Burkina Faso 10000 Proof of Concept - by Entrepreneurs Without Frontiers

Restoring techniques

  • Direct sowing
  • Assisted Natural Regeneration


  • Land Degradation Neutrality (SDG 15)
  • Community based reforestation projects with socio-econonomic impacts (SDG 2, 4, 5)
  • Increasing biodiversity by sowing trees, grasses and herbs. We aim per hectare 300 trees (SDG 13, 15)


The African Union's Great Green Wall project was launched in 2007 and runs from Mauritania to Djibouti, 8,000 km long and 100 km wide.
By reforesting, desertification due to climate disturbance is stopped, which over time allows agriculture to be practiced again in this forest (agroforests) and contributes to food security of these countries.

The goals of the Great Green Wall are:

  • Restore 100 million hectares of degraded land
  • Sequester 250 million tons of Carbon
  • Create 10 million green jobs in rural area’s

Five pilar investment

Pillar 1– Investment in small and medium-sized farms and strengthening of value chains, local markets, organization of exports
Pillar 2– Land restoration and sustainable management of ecosystems
Pillar 3 – Climate resilient infrastructures and access to renewable energy
Pillar 4– Favourable economic and institutional framework for effective governance, sustainability, stability and security
Pillar 5 – Capacity building

Eco progressions by entrepreneurs Without frontiers (EwF) in Senegal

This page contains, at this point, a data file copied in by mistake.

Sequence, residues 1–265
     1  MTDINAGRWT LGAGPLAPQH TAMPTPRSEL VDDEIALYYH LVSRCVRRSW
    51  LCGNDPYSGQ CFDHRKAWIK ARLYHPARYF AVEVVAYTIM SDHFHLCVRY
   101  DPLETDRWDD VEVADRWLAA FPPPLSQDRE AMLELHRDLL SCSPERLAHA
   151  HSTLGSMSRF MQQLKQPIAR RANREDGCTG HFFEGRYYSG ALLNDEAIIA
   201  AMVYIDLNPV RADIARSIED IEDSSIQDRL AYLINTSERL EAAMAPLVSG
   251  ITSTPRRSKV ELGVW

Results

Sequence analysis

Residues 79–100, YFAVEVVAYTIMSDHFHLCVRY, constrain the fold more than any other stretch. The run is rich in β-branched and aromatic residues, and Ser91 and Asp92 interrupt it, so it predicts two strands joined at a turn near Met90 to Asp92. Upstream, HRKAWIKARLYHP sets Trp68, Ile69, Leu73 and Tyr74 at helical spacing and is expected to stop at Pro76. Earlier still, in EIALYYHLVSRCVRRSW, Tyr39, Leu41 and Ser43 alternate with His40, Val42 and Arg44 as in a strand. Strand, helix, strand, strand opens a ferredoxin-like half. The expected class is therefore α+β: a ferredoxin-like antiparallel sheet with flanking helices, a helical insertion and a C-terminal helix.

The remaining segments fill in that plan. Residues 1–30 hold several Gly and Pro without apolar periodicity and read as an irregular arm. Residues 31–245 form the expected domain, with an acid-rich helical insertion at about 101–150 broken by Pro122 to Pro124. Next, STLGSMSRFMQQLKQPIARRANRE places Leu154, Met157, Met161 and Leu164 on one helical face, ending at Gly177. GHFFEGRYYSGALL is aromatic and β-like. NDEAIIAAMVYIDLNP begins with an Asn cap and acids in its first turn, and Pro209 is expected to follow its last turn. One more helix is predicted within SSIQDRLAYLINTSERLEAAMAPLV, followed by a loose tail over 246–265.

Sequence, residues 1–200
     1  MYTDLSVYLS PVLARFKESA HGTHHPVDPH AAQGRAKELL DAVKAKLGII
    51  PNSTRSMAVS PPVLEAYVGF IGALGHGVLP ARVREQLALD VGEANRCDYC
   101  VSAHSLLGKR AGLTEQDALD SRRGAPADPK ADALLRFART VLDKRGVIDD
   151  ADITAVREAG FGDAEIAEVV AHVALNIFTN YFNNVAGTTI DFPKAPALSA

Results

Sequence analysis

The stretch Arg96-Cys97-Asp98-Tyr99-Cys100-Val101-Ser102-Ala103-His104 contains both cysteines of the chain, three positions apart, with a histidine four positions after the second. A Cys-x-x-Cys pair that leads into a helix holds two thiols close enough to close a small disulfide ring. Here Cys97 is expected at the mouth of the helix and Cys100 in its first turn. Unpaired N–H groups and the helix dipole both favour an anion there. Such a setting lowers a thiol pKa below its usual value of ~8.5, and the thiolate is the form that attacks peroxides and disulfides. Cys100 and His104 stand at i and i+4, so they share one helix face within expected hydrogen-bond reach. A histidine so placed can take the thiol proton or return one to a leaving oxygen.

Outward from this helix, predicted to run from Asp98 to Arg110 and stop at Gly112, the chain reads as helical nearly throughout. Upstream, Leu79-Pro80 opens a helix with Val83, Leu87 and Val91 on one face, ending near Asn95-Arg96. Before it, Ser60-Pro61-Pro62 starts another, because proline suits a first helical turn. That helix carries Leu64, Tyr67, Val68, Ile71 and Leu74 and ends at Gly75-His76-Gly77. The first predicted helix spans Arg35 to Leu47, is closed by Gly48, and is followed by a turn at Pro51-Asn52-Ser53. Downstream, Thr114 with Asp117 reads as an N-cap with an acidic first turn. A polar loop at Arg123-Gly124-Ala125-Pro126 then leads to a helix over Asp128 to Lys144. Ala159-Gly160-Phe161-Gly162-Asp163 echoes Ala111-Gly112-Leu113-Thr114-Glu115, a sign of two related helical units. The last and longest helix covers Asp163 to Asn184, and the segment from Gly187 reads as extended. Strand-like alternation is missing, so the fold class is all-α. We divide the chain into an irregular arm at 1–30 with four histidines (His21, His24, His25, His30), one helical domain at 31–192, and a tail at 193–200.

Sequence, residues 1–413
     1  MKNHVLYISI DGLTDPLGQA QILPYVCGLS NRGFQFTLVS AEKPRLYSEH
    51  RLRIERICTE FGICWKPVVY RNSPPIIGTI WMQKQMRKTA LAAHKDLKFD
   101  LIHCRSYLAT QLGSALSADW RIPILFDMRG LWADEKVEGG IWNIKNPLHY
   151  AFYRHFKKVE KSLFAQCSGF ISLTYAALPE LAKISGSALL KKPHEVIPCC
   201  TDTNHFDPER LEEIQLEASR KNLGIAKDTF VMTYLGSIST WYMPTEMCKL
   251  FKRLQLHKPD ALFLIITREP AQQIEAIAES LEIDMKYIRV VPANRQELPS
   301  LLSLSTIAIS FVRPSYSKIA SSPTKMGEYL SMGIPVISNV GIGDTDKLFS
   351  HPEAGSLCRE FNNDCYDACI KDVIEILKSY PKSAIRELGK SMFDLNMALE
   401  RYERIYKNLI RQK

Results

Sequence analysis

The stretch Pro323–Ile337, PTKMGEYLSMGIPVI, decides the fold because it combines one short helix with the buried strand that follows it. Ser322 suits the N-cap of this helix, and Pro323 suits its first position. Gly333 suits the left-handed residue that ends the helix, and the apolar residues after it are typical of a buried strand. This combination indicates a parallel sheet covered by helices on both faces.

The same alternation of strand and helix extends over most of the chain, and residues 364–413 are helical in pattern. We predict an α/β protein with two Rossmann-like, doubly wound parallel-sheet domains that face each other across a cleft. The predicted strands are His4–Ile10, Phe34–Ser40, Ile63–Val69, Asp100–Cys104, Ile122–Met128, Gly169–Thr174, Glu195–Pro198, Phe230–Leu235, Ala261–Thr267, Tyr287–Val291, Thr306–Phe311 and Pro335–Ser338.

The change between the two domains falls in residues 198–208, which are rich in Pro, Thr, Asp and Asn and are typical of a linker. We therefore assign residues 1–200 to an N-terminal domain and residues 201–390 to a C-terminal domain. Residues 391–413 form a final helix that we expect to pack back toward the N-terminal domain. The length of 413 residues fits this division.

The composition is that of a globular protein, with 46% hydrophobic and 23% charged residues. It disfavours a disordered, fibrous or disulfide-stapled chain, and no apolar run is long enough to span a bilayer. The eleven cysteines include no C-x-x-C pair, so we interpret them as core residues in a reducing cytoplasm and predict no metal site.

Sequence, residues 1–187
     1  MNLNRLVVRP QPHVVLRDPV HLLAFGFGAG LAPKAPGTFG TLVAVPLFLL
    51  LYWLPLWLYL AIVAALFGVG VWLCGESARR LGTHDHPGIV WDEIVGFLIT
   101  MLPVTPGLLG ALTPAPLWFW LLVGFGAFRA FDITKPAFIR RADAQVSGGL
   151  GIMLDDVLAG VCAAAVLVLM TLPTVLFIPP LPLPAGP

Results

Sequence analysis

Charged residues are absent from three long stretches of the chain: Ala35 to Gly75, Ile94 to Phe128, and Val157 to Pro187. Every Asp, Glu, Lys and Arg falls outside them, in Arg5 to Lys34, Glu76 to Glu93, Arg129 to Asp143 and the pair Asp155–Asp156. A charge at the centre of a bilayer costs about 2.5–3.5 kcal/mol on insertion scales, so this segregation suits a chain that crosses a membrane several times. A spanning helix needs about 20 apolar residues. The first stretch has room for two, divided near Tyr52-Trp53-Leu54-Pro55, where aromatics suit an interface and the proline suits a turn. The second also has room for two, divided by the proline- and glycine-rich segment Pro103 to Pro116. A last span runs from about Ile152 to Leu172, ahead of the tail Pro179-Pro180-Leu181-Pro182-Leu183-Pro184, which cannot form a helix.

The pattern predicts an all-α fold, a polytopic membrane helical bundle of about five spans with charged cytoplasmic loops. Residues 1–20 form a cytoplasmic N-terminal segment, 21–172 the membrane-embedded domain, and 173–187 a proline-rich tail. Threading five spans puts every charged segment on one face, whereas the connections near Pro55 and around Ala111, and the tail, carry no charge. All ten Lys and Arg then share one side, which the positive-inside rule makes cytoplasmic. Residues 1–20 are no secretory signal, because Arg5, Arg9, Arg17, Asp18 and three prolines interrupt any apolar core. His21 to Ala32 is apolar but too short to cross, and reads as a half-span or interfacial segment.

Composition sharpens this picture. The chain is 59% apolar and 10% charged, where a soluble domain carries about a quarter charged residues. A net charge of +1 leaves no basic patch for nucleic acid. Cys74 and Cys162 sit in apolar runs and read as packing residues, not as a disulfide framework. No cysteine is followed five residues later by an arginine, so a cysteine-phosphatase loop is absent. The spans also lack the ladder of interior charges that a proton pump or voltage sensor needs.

A feasibility study was conducted between 2007 and 2009, followed by the launch of a pilot project of 100ha in Lilengo in 2010. From 2011 till 2017, 10,000ha were planted in the north and center of Burkina Faso.

Key drivers:

• Groundwork : the creation of micro-basins and to reinforce infiltration
• Biodiversity (flora): a combination of grasses, herbs and local tree species
• Community engagement: reinforcement and the appropriation and protection of the forest
• Valorisation: sustainable exploitation of non-timber forest products (Arabic Gum, Balanites, ...) and grass land.

Through a participatory process with the local villages, who work with us to propose the desired tree species, the new sites were seeded (after the ground work) by the women's communities. In addition to tree seeds, grasses and herbs are sown to provide short-term benefits. Grasses are mostly for fodder to bridge the dry period and are sold to livestock farmers, but can also be enriched into baskets, mats, brushes that can be sold at local markets. It is a way to provide steady streams of income.
In the long run, the fruits of the trees can be sold, such as gum arabic (Acacia senegal) for the food industry or balanites oil (Balanites tree) for cosmetics purposes. Both are products that can be sold on the international market and have a fixed commodity value.